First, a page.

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What is it about a body of water that brings people together? Learn about an infrastructure project on the Little Bear River that helped the Cache Valley community of Hyrum to flourish -- in more ways than one. Flowing through an area of Hyrum called…

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Winters in northern Utah’s Cache Valley are harsh. To survive and thrive, indigenous Shoshone peoples and Mormon settlers were faced with the question of “Will the challenges of winter make you or break you?” Fur trappers who wintered in…

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Making use of the Sevier River for agriculture required some ingenuity after early Mormon settlers discovered that irrigation was more complicated than simply digging a ditch. Learn how an unconventional surveying tool nicknamed “Old Scraggen”…

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Utah has an insatiable demand for water, and the Bear River is one of northern Utah’s most abundant sources. Despite this, efforts to fully develop it have long been stymied by a combination of geography and politics. All of Bear River’s natural…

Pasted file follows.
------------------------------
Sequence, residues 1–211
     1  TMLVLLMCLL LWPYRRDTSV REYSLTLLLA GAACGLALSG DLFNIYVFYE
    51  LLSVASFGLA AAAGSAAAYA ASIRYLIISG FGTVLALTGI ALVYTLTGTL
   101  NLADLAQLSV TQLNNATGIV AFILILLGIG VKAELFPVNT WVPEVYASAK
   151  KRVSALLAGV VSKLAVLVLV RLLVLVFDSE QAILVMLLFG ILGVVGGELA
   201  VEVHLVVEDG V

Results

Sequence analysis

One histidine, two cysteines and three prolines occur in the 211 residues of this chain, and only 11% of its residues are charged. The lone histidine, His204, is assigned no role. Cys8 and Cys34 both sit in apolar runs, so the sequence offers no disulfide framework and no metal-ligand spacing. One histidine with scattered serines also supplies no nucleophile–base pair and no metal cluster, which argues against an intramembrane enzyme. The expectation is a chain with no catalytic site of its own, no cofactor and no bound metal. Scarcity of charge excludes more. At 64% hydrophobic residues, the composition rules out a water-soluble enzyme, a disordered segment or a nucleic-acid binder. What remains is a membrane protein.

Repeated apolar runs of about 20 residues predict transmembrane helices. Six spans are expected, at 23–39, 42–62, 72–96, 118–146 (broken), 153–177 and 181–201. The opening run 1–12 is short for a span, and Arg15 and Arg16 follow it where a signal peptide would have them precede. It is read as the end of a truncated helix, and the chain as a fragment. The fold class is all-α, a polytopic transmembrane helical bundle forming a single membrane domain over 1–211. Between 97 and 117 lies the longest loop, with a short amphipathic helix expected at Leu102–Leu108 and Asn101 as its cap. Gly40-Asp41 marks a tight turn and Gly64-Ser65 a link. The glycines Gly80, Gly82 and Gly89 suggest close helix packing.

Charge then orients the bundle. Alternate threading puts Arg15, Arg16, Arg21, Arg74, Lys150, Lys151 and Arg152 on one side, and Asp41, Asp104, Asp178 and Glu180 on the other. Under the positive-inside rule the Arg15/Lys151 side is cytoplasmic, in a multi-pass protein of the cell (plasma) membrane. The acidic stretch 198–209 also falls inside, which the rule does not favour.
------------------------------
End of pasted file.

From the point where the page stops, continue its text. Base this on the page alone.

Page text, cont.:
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Utah Lake was once an important and abundant source of fish and wildlife for the Timpanogos Ute people. But by the turn of the twentieth century, Utah Lake’s native fish species had almost completely vanished. Prior to Mormon settlement in 1849,…

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Stocking Utah’s waterways with sport fish is a practice that goes back more than a century – so long ago that many people may think these introduced species are native. Find out how this impacts Utah’s true native fishes. Setting up beside a…

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The Central Utah Project – which is still under construction – began with plenty of optimism and ambition. But politics and the inherent difficulty of moving mountains nearly sank the project. Learn how it survived. The Central Utah Project –…